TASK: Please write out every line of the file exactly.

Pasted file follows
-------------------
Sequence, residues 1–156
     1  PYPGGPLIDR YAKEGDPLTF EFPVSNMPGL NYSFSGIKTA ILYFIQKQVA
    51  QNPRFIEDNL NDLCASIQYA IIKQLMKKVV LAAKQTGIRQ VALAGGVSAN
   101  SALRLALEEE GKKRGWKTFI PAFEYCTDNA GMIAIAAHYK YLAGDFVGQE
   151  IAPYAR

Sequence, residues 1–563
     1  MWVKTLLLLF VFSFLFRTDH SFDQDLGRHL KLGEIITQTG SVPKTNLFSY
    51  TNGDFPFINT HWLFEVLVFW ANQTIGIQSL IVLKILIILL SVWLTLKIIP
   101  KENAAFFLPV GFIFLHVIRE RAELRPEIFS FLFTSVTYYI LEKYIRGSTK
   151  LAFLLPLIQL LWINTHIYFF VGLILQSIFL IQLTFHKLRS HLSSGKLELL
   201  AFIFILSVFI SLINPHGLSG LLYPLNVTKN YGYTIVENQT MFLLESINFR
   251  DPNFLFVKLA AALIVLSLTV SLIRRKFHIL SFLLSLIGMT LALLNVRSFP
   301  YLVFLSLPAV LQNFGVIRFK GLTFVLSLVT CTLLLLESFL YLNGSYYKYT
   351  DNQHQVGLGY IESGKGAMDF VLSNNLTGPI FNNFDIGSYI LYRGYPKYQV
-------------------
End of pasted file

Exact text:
Sequence, residues 1–156
     1  PYPGGPLIDR YAKEGDPLTF EFPVSNMPGL NYSFSGIKTA ILYFIQKQVA
    51  QNPRFIEDNL NDLCASIQYA IIKQLMKKVV LAAKQTGIRQ VALAGGVSAN
   101  SALRLALEEE GKKRGWKTFI PAFEYCTDNA GMIAIAAHYK YLAGDFVGQE
   151  IAPYAR

Sequence, residues 1–563
     1  MWVKTLLLLF VFSFLFRTDH SFDQDLGRHL KLGEIITQTG SVPKTNLFSY
    51  TNGDFPFINT HWLFEVLVFW ANQTIGIQSL IVLKILIILL SVWLTLKIIP
   101  KENAAFFLPV GFIFLHVIRE RAELRPEIFS FLFTSVTYYI LEKYIRGSTK
   151  LAFLLPLIQL LWINTHIYFF VGLILQSIFL IQLTFHKLRS HLSSGKLELL
   201  AFIFILSVFI SLINPHGLSG LLYPLNVTKN YGYTIVENQT MFLLESINFR
   251  DPNFLFVKLA AALIVLSLTV SLIRRKFHIL SFLLSLIGMT LALLNVRSFP
   301  YLVFLSLPAV LQNFGVIRFK GLTFVLSLVT CTLLLLESFL YLNGSYYKYT
   351  DNQHQVGLGY IESGKGAMDF VLSNNLTGPI FNNFDIGSYI LYRGYPKYQV